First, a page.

With 2.4% set as the Over/Under on inflation Iím betting on the Over.
Reshoreing manufacturing and a lower pool of available workers is going to make that 2% target hard to hit.
Iíll be buying in the upcoming 10 and 5 year auctions. Holding out on buying the 30 year for the irrational reason I wonít be around to cash it in.
If Iím wrong I paid for sleep at night insurance.
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Old 09-09-2023, 01:30 PM   #6
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If Iím wrong I paid for sleep at night insurance.

And even if youíre wrong. Iím guessing the amount you miss out on is trivial. My bet is that TIPS nominal yields will be similar to treasuries, but if Iím wrong, that means inflation was high and Iíll be happy to have TIPS.
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Old 09-09-2023, 04:05 PM   #7
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Don't you have to pay taxes on the phantom income the TIPs generate every year?
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Old 09-09-2023, 04:26 PM   #8
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Don't you have to pay taxes on the phantom income the TIPs generate every year?

Yes, which is why I buy TIPS in a tax deferred account.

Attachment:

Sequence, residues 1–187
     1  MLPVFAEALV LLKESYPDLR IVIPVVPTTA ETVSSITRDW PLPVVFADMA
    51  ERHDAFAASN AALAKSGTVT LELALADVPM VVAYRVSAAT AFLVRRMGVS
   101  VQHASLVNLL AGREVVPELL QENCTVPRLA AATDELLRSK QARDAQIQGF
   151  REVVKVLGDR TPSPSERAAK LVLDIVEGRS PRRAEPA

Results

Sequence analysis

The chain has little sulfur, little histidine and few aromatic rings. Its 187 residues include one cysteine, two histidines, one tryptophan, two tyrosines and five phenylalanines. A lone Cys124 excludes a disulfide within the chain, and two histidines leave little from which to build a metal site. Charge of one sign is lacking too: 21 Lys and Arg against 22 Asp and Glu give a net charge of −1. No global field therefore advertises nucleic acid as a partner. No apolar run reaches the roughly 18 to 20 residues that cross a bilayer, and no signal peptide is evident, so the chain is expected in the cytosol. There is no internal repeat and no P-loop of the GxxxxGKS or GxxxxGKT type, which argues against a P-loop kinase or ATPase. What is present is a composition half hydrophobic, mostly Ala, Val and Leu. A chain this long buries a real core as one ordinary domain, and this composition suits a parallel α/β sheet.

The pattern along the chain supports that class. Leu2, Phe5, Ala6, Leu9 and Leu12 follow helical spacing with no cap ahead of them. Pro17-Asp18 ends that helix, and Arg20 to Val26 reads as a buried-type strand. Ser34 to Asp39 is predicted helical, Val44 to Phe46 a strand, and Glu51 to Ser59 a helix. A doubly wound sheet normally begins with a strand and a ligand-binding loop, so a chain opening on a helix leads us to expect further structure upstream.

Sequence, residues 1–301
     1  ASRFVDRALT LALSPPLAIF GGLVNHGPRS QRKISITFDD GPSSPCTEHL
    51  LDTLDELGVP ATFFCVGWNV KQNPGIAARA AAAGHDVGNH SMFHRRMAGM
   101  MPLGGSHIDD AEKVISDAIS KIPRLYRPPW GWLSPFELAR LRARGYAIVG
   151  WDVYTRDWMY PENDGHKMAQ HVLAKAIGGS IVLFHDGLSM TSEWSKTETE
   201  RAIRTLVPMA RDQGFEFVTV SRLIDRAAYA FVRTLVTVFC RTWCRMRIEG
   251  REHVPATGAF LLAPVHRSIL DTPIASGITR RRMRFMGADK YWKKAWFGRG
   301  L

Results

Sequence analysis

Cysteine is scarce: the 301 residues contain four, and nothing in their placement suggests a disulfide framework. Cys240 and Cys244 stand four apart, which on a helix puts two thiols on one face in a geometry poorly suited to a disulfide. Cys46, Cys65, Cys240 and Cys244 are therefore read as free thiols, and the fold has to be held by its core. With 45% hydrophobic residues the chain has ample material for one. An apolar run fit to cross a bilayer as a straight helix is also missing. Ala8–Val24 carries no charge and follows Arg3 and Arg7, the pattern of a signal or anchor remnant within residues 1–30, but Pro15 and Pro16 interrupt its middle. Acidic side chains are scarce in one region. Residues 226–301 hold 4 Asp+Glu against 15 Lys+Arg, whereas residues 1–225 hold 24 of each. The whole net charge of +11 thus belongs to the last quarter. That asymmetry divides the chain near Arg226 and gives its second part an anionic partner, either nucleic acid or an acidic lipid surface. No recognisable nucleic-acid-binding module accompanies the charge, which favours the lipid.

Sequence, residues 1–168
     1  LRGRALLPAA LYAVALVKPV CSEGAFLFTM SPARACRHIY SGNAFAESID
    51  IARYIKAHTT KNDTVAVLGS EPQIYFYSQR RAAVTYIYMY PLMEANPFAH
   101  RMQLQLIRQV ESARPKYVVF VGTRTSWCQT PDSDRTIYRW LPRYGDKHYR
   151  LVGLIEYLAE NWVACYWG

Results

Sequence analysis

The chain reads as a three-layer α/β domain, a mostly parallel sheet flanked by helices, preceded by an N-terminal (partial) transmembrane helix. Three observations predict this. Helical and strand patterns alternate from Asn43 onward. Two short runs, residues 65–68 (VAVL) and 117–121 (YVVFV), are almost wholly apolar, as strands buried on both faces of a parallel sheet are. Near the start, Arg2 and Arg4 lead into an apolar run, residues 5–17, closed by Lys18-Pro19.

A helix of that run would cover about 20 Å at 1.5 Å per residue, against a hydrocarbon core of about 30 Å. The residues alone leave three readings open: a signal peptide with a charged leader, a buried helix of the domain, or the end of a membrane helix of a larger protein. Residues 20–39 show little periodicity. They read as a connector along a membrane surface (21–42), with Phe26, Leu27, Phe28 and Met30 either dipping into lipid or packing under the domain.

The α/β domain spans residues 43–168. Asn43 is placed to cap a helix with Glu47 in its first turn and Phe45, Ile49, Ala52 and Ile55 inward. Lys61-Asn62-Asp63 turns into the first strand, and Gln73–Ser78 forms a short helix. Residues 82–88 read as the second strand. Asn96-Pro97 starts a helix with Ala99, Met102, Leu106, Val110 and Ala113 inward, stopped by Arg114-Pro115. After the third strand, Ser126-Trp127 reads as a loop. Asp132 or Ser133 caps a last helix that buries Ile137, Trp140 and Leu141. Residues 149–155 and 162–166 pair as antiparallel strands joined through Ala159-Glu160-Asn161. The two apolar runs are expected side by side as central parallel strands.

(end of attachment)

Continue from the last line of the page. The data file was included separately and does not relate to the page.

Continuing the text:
I did read an interesting article that compared the phantom income similar to reinvested interest/dividends with CDs/Bonds. Youíre paying tax on income that you donít see until the CD/Bond matures.

Found the article: https://tipswatch.com/2021/04/02/fri...account-until/
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Long dated tips may finally be a buy
Old 09-11-2023, 08:29 AM   #9
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Long dated tips may finally be a buy

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Originally Posted by aja8888 View Post
Don't you have to pay taxes on the phantom income the TIPs generate every year?

TiPS are kept in my IRA.

Anyone biting on the 30 year TIP bond?
Shame the 20 isnít offered anymore.
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Old 09-11-2023, 08:41 AM   #10
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I don’t buy long bonds.
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Old 09-11-2023, 10:10 AM   #11
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I am mainly using a TIPS ladder but I couldn't resist buying some long TIPs on the secondary market. I stay away from nominal long bonds because they are too risky for me.